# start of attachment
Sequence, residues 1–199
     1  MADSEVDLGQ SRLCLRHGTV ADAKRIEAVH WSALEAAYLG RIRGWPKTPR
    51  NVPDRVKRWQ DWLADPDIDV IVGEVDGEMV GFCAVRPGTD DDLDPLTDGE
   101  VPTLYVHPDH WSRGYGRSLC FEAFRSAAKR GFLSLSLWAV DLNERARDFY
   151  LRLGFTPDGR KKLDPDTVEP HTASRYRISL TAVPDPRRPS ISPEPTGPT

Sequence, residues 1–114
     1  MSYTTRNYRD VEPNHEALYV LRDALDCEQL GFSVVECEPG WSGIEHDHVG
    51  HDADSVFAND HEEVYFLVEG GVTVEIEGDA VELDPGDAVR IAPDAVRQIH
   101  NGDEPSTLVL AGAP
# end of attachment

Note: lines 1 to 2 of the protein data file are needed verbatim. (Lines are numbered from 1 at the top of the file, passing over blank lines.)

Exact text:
Sequence, residues 1–199
     1  MADSEVDLGQ SRLCLRHGTV ADAKRIEAVH WSALEAAYLG RIRGWPKTPR